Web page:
I remember just a couple weeks ago when I was flying on AA 211 to JFK I spotted what appeared to be a UA/CO star alliance 777 flying in our direction. Although it didn't appear to be 2000ft above us, because it looked kinda close, but maybe it was.



Reality be Rent. Synapse, break! Vanishment, This World!
User currently offlinesoon7x7 From , joined Dec 1969, posts, RR:
Reply 19, posted (2 years 7 months 3 weeks 4 days 10 hours ago) and read 3660 times:

Quoting PapaChuck (Reply 17):


Negative...While both were a bit higher than my aircraft, the two pictured were same level...no tricks here...

Quoting PapaChuck (Reply 17):
I'm willing to bet there was 2000' vertical and a couple miles lateral between each aircraft.


Way off...
I was so amazed when I saw this I knocked the girl seated next to me out of her seat when I instinctively jumped up to the overhead baggage bin for my camera bag. (All apologies after the shot is taken)...Even the flight attendant was surprised to see the three of us in this cozy three way race back to the states..


User currently offlinetdscanuck From Canada, joined Jan 2006, 12709 posts, RR: 80
Reply 20, posted (2 years 7 months 3 weeks 4 days 8 hours ago) and read 3619 times:

Quoting soon7x7 (Reply 19):
Quoting PapaChuck (Reply 17):
I'm willing to bet there was 2000' vertical and a couple miles lateral between each aircraft.


Way off...

They may be at the same flight level, but there's a lot of lateral separation there...the angular size of the 777 against the 767 shows that pretty clearly.

Tom.


User currently offlineunattendedbag From United States of America, joined Oct 2003, 2326 posts, RR: 1
Reply 21, posted (2 years 7 months 3 weeks 4 days 5 hours ago) and read 3565 times:

Quoting MSN007 (Thread starter):
After looking at this picture following the link, I am wondering how close is to close?

Just looking at the picture isn't enough. If it was, this would be a close call too!


View Large View Medium
Click here for bigger photo!

Photo © Martin Wagner




Slower traffic, keep right
User currently offlinetimz From United States of America, joined Sep 1999, 6822 posts, RR: 7
Reply 22, posted (2 years 7 months 3 weeks 4 days 3 hours ago) and read 3526 times:

Quoting soon7x7 (Reply 19):
While both were a bit higher than my aircraft, the two pictured were same level.
If they were, UA was... maybe 10 nm beyond Delta? And Delta was 5 nm from you?


User currently offlinePapaChuck From United States of America, joined Aug 2010, 136 posts, RR: 0
Reply 23, posted (2 years 7 months 3 weeks 3 days 21 hours ago) and read 3409 times:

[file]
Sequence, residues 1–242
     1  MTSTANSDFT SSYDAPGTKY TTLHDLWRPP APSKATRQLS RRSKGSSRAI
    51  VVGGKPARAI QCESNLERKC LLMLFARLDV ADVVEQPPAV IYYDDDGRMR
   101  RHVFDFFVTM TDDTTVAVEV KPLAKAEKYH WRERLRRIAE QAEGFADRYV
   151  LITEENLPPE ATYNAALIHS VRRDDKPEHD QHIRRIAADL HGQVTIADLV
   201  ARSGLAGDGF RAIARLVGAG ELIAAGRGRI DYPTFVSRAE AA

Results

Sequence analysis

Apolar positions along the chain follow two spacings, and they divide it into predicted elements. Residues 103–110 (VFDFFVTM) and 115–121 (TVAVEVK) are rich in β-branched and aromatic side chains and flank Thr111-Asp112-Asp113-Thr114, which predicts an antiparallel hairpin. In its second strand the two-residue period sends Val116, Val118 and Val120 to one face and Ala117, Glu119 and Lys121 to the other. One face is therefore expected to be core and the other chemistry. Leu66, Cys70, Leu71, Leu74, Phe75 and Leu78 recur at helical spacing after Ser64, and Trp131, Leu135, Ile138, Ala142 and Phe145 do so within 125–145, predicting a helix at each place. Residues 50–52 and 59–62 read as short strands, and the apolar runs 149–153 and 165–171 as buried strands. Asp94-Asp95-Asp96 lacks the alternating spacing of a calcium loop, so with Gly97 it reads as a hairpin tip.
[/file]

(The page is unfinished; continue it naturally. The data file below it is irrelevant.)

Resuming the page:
I'm sorry, but there is absolutely no way that those two aircraft are at the same flight level. To get those two aircraft in the same photo at the same flight level, you would also had to have been at the same flight level. If that were the case, unless both aircraft were in a bank to the right, you should be seeing none of their bellies. If you were looking up to catch the Delta bird above you, another aircraft at the same altitude five miles further away would be completely out of sight below the frame. You have to consider the distances involved. It is deceiving from the pic, but trust me, the 777 is higher than the 767.

PC



In-trail spacing is a team effort.
User currently offlinetimz From United States of America, joined Sep 1999, 6822 posts, RR: 7
Reply 24, posted (2 years 7 months 3 weeks 3 days 8 hours ago) and read 3284 times:

We can do a pretty good job of proving that, if we can assume that the Delta 763 is wings-level.

If it is, comparing the wingspan of its image on the screen with its length we see it's 25 degrees above a horizontal line from the camera. So if it's 2000 ft higher than the camera it's 4700-4800 feet away, and (comparing the 767 and 777 lengths) the 777 is 11000+ feet away. If the 777 were also 2000 feet above camera level, it would be 9+ degrees above a horizontal line from the camera, or 15+ degrees below the 767.

Which is impossible, since the 767's length subtends 2+ degrees at the camera (it's 176 feet long and 4700+ ft away).

Likewise if the 767 is 4000 or 6000 or 8000 feet above the camera.


25 Speedbird128 : Why no contrails for the 777? The 777 is lower than the Air Berlin, and you were lower than the 777. I'd fly offset regardless of radar coverage. SLO
26 Post contains images soon7x7 : You guys crack me up...if had my 600mm lens in my lap your arguments may hold water however the largest focul length lens I had available was a 200mm.
27 Post contains images PapaChuck : I crunched a few numbers myself. Grab a ruler and a calculator and follow along. Just make sure nobody's watching, because onlookers will point and la
28 soon7x7 : I applaud your enthusiasm...BUT...Having been a pilot for nearly 30 years (really good at realizing apparent distances) and a surviving full time avi
29 mandala499 : Lateral... on different levels... the question is... how different? So we get onto: RVSM require vertical separation of 1000ft... so two aircraft goi
30 tdscanuck : I think we're overthinking this...how close were they to you? From that, you can get a pretty good estimate of how far apart they each are just by th
31 Post contains images PapaChuck : Are we over-thinking this? Absolutely. It's what we do around here. One of the first lessons we learn in ATC 101 is that vertical is the easiest way t
32 timz : The photo evidence is good, and it shows the 777 was at a higher altitude than the 767. (That's assuming the 767 was wings-level; if we can't assume